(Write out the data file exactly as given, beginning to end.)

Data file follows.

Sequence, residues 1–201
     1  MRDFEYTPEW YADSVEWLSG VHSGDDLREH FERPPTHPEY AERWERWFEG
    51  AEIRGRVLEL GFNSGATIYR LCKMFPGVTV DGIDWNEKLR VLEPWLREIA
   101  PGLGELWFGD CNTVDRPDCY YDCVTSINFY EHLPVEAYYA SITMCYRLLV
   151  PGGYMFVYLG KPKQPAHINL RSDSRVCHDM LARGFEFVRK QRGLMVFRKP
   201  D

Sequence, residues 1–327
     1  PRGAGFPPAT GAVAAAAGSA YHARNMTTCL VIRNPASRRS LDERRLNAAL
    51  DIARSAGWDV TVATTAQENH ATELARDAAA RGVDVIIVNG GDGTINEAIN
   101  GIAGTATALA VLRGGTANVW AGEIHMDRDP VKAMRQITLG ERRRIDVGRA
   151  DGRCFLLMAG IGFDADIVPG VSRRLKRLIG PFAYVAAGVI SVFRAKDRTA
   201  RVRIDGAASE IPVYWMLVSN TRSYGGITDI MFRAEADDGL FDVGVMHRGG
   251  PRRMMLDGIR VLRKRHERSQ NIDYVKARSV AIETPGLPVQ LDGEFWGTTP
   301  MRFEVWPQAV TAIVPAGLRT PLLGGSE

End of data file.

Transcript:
Sequence, residues 1–201
     1  MRDFEYTPEW YADSVEWLSG VHSGDDLREH FERPPTHPEY AERWERWFEG
    51  AEIRGRVLEL GFNSGATIYR LCKMFPGVTV DGIDWNEKLR VLEPWLREIA
   101  PGLGELWFGD CNTVDRPDCY YDCVTSINFY EHLPVEAYYA SITMCYRLLV
   151  PGGYMFVYLG KPKQPAHINL RSDSRVCHDM LARGFEFVRK QRGLMVFRKP
   201  D

Sequence, residues 1–327
     1  PRGAGFPPAT GAVAAAAGSA YHARNMTTCL VIRNPASRRS LDERRLNAAL
    51  DIARSAGWDV TVATTAQENH ATELARDAAA RGVDVIIVNG GDGTINEAIN
   101  GIAGTATALA VLRGGTANVW AGEIHMDRDP VKAMRQITLG ERRRIDVGRA
   151  DGRCFLLMAG IGFDADIVPG VSRRLKRLIG PFAYVAAGVI SVFRAKDRTA
   201  RVRIDGAASE IPVYWMLVSN TRSYGGITDI MFRAEADDGL FDVGVMHRGG
   251  PRRMMLDGIR VLRKRHERSQ NIDYVKARSV AIETPGLPVQ LDGEFWGTTP
   301  MRFEVWPQAV TAIVPAGLRT PLLGGSE